# Lecture 6

## For and While Loops

MCS 260 Fall 2021
David Dumas

## Reminders

• No class Monday
• Homework 1 scores & Worksheet 2 solutions posted
• Homework 2 available, due next Wed at 10am (schedule change due to Labor day)
• Homework 2 autograder only checks syntax, and is only advisory (no points). Actual grading will be manual.

## while loops

The syntax


while condition:
statement
statement


will repeatedly do the following:

1. Evaluate condition; if False, skip the rest of this list and move on. Otherwise,
2. Execute the statements in the block.
3. Return to the first step.

Called a loop because it returns to a previous line.

The code block following a while is called the body of the loop.

Most while loops will change a variable in the body, affecting the condition.


n = 1
while n <= 5:
print(n)
n = n + 1
print("All done.")


This prints the numbers from 1 to 5.

## Infinite loops

It's possible to write a while loop that will never end, e.g.


n = 1
while n <= 5:
print("ESB is the best Star Wars film")


Such accidental infinite loops cause a program to appear to be stuck.

Control-C will interrupt and exit a stuck Python program.

## For loops

The syntax


for varname in container:
statement
statement


can be used with any sequence as container.

It takes an item from container, assigns it to the variable varname, runs the loop body, and then repeats the whole process until each element of container has been used exactly once.

## Example

Let's write a program that will read a string from the user and classify each character into one of the categories:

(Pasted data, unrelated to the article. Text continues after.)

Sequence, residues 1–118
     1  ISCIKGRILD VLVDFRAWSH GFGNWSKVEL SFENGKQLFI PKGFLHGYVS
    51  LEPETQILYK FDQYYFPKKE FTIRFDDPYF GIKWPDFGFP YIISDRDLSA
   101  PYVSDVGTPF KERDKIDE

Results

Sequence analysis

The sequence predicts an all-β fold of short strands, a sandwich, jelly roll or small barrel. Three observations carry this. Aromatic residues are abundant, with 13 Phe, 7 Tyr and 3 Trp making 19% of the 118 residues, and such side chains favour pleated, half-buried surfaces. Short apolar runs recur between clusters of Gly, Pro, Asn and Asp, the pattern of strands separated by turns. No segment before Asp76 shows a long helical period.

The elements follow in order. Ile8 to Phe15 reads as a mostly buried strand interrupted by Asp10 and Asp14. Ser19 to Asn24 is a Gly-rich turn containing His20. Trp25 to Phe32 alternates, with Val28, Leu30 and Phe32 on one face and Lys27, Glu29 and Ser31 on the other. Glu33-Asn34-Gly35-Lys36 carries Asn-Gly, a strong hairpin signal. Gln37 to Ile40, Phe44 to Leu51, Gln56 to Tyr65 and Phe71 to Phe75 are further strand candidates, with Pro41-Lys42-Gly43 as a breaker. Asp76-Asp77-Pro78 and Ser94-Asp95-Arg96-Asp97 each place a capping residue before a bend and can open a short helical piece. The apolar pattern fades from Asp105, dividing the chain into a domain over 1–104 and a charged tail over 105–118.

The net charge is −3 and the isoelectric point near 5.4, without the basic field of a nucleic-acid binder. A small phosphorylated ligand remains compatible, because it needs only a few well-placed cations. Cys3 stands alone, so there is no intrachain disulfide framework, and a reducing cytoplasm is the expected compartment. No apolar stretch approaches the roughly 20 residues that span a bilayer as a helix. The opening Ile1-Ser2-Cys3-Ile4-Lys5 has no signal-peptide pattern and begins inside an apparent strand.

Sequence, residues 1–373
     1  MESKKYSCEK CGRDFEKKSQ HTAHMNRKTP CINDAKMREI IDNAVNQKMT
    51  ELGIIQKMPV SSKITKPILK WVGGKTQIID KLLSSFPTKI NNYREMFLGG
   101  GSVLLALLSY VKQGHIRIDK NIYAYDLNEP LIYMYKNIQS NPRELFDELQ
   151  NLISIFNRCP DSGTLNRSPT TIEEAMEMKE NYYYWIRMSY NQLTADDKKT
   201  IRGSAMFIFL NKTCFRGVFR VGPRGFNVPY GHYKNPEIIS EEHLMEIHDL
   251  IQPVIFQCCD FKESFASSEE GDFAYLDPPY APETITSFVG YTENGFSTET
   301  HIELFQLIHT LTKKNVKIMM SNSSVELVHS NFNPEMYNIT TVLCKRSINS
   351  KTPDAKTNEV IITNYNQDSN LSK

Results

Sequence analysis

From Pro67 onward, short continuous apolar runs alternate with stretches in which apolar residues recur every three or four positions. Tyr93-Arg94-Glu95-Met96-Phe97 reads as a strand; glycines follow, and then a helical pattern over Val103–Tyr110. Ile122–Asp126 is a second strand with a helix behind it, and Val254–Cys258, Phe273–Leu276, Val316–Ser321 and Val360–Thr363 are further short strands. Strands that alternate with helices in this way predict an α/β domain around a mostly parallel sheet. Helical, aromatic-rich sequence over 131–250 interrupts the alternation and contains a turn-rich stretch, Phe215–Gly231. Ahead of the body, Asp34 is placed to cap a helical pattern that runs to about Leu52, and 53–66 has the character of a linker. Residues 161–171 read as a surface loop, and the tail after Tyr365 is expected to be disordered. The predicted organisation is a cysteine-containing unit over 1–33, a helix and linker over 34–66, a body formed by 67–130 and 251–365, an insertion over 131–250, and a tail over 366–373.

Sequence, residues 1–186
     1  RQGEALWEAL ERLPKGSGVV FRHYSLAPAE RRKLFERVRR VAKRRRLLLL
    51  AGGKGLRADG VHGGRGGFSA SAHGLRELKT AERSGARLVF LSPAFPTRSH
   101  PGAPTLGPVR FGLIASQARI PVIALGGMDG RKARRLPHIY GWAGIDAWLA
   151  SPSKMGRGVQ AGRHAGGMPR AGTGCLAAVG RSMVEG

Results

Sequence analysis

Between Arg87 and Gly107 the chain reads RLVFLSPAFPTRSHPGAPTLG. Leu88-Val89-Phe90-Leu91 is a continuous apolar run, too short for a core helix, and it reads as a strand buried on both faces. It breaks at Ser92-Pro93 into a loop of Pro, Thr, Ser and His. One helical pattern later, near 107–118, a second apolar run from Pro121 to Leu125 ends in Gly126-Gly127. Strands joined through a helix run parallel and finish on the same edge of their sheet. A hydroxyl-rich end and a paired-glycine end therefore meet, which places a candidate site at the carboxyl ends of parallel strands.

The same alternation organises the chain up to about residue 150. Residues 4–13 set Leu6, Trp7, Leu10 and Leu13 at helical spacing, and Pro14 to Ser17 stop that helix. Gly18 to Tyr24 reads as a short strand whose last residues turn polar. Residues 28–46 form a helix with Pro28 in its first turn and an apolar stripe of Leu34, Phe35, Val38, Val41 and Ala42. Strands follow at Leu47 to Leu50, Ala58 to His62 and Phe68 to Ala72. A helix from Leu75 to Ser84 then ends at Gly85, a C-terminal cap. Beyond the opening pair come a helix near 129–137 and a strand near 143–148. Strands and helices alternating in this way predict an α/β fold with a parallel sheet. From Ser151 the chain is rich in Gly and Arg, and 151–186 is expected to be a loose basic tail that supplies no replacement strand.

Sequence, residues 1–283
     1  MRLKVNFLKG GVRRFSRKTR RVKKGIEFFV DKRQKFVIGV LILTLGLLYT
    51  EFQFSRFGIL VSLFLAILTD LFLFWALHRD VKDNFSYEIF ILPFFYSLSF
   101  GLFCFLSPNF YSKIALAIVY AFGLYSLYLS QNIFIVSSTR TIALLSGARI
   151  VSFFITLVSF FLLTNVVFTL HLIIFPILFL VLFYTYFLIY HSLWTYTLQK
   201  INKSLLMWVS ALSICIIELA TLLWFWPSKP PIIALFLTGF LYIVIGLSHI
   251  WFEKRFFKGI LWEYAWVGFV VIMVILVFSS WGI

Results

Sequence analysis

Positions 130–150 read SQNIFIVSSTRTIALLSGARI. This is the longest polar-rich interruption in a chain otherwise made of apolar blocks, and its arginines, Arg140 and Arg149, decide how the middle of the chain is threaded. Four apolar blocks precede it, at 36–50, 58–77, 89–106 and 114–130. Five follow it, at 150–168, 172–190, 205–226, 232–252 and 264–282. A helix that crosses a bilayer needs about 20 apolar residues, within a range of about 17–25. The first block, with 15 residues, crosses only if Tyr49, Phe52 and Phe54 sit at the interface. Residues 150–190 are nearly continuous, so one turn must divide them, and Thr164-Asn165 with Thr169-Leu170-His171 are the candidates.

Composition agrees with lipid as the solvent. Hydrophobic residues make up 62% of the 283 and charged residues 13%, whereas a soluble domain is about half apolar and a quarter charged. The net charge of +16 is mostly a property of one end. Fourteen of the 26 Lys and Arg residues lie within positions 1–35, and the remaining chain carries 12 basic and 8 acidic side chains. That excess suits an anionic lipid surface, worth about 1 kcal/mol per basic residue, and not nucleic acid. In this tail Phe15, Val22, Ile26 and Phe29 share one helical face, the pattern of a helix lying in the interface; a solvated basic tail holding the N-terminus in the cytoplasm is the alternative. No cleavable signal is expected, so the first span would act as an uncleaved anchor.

• digit (0,1,2,3,4,5,6,7,8,9)
• space ( )
• other (e.g. A-Z,a-z,...)

## Exiting a loop

Sometimes it is helpful to exit a loop before it would end on its own, or from the middle of the body.

The break statement does this. When it executes, the immediate surrounding loop stops and control goes to the first statement after that loop.


n=1
while True:
n = n + 1
if n > 9:
break
print(n)


## iterables

Besides lists and strings, some other containers are allowed in for loops.

A thing allowed in a for loop is called an iterable.

Some iterables generate their items one by one, rather than computing everything in advance.

## range

$\texttt{range(N)}$ is an iterable that generates the integers from $0$ to $N-1$.


for n in range(10):
print(n+1)


The following is slow, as it creates a list of 50 million items:


L = list(range(50_000_000))
for x in L:
# do stuff with x
# possibly exit the loop early


Better way:


for x in range(50_000_000):
print(x)
if x > 10:
break


This is very fast (only 12 items generated).

## Enumerated iteration

What if you need the index during a for loop?

This method works, but is not recommended:


L = [9,8,2,4,1,1,5]
for i in range(len(L)):
print("At index",i,"we have item",L[i])


Another way:

Use an extra index variable, increment it manually.


L = [9,8,2,4,1,1,5]
i = 0
for x in L:
print("At index",i,"we have item",x)
i = i + 1


Best way:

Use the $\texttt{enumerate()}$ function. It turns a sequence like $\texttt{[7,6,5]}$ into an enumerated sequence $\texttt{[ (0,7), (1,6), (2,5) ]}$.


L = [9,8,2,4,1,1,5]
for i,x in enumerate(L):
print("At index",i,"we have item",x)


## Avoid range(len())

When you see


for i in range(len(L)):    # not recommended!
# do stuff with L[i]


in Python code, it should usually be replaced with


for x in L:
# do stuff with x

or

for i,x in enumerate(L):
# do stuff with x and/or i


For and while loops allow you to write programs that process a collection of data / events / etc.

If/elif/else allow processing to be customized to the data.

Together these constructs give a lot of control over program execution.

### Revision history

• 2020-09-02 Initial publication